From the user’s perspective, the bank name and secure connection indicators all match and there is no sign that anything other than a normal online banking session is transpiring.
From the bank’s perspective, practically everything appears to be normal too. The attacker’s proxy passes any fingerprinting codes or cookies to the victim’s browser and returns the correct matching results to the bank’s webserver.
Under otherwise normal conditions, the only indication that the bank might have is that the user’s IP address for the connection will be that of the clandestine proxy server, not the actual IP address of the victim’s computer. However, a security policy based solely on this indicator is impractical because IP addresses can and do change, and users log in from other locations on occasion. Instead, the proxy servers used in these attacks must first be identified and the IP addresses added to a blacklist. This threat intelligence item is key to effective attack detection and fraud prevention by the bank.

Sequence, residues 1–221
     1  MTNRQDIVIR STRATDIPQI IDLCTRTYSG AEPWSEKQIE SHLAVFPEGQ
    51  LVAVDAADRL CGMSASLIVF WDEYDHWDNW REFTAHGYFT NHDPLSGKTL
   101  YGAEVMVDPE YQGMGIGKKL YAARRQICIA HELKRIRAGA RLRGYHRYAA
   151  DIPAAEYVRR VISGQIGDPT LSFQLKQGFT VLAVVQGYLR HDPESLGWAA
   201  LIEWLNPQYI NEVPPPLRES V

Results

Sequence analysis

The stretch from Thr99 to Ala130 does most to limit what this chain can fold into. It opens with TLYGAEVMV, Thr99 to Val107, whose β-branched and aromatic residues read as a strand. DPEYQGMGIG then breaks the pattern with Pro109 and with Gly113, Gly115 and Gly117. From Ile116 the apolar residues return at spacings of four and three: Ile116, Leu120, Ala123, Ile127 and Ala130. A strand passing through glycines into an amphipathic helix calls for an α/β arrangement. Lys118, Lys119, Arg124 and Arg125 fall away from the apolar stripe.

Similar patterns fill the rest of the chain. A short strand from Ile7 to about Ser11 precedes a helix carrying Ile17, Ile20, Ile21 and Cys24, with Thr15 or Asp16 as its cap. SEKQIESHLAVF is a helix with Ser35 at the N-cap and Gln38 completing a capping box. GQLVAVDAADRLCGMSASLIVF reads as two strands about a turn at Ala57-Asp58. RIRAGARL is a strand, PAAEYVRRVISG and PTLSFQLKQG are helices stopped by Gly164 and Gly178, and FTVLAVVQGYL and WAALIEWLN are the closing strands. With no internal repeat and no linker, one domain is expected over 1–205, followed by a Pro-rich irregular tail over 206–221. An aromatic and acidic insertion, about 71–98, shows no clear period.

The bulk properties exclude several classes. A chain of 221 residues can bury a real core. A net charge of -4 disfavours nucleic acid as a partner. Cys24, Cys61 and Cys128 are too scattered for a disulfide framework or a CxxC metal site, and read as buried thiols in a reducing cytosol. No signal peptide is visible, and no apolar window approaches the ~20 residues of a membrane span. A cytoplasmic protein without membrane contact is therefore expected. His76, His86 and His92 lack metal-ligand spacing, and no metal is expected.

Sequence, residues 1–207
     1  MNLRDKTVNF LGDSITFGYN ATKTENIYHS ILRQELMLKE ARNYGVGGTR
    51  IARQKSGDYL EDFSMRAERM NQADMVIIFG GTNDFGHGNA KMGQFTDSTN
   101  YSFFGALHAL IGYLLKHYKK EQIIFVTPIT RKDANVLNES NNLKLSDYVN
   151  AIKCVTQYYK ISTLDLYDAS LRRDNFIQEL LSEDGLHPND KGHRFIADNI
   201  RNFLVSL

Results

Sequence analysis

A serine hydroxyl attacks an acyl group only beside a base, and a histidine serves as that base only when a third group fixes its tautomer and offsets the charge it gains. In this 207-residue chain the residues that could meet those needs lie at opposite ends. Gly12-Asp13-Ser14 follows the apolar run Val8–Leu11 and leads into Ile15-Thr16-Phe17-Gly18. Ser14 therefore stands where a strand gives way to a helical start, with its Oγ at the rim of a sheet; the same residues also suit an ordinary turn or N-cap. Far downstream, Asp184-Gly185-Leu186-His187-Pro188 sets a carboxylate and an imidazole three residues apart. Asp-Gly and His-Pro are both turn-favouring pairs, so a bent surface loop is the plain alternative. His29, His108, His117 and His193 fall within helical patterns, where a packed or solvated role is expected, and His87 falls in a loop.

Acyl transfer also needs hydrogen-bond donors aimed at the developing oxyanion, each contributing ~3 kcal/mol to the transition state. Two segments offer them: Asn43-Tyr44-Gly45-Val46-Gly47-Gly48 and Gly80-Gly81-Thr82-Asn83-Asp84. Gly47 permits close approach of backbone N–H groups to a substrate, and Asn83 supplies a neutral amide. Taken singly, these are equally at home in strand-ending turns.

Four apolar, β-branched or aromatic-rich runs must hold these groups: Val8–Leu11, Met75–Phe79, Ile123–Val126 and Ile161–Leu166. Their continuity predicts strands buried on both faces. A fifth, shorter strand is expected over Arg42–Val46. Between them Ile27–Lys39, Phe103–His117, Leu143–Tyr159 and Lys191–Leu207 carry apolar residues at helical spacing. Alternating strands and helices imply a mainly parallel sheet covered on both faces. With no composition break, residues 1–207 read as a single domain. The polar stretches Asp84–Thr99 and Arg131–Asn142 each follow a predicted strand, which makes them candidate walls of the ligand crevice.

Monitoring Clandestine DNS/Proxy Servers
Both the name servers and the proxy web servers have been set up and configured specifically for use in these attacks. That is, they are not compromised servers repurposed by the attacker.
In each of the attacks studied, the DNS service (including the rndc service) and the web proxy services were running on the same server with the same IP address. None of the attacks used separate servers for DNS and web proxy services. The servers were located on hosting company networks in the UK and in Central or Eastern Europe. Victims are not deliberately routed to servers in the same geographical regions, so flagging for possible fraud and abuse based on geolocation of the originating IP address may be feasible for some financial institutions.
Figure 5: Rogue DNS/proxy servers (red) handle domains for targets in each general area
PhishLabs has been able to locate four of the rogue DNS/proxy servers and the target groups for each of them. More than 70 financial institutions have been actively targeted. The servers were configured to proxy traffic for an additional 25+ websites in order to siphon off credentials for email, social media, and other accounts of value.
PhishLabs continues to monitor these attacks and is working with others to mitigate the threat.